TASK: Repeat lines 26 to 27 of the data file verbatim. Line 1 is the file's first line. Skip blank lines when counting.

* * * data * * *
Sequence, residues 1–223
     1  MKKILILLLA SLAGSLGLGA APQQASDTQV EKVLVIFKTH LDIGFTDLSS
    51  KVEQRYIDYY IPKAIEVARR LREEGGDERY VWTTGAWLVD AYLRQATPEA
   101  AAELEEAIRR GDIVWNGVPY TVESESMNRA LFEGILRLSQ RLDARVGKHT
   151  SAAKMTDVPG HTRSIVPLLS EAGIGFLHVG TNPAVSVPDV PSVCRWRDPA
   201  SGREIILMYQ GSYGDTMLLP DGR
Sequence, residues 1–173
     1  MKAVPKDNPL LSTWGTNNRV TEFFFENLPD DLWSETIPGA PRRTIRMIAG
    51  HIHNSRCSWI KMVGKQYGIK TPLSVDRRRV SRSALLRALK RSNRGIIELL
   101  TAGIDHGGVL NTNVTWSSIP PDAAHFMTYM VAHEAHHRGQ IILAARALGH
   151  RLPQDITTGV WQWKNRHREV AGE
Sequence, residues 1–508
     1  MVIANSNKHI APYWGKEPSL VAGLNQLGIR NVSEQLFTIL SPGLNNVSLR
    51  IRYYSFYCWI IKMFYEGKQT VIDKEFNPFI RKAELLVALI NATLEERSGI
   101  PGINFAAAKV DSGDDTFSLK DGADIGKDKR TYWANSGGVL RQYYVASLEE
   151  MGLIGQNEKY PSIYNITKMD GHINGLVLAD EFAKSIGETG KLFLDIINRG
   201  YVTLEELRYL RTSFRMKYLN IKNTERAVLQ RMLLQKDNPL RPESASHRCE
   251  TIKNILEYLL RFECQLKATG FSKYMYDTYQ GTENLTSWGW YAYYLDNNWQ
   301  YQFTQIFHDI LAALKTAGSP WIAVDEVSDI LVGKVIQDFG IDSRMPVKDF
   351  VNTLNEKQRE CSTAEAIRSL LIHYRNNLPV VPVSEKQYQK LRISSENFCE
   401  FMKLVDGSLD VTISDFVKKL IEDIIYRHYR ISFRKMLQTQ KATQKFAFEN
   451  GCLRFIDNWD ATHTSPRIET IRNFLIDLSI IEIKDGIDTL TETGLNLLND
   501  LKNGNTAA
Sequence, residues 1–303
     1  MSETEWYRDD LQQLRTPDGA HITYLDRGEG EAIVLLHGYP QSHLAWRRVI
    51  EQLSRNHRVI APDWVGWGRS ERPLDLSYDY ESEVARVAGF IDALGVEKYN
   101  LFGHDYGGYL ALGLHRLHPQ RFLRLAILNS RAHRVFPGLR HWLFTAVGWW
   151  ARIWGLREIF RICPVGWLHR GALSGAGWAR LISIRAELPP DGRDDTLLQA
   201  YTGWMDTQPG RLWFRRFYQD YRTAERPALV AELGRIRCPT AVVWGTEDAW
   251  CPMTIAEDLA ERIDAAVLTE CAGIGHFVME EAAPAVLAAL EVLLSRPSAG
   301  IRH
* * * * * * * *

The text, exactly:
    51  EQLSRNHRVI APDWVGWGRS ERPLDLSYDY ESEVARVAGF IDALGVEKYN
   101  LFGHDYGGYL ALGLHRLHPQ RFLRLAILNS RAHRVFPGLR HWLFTAVGWW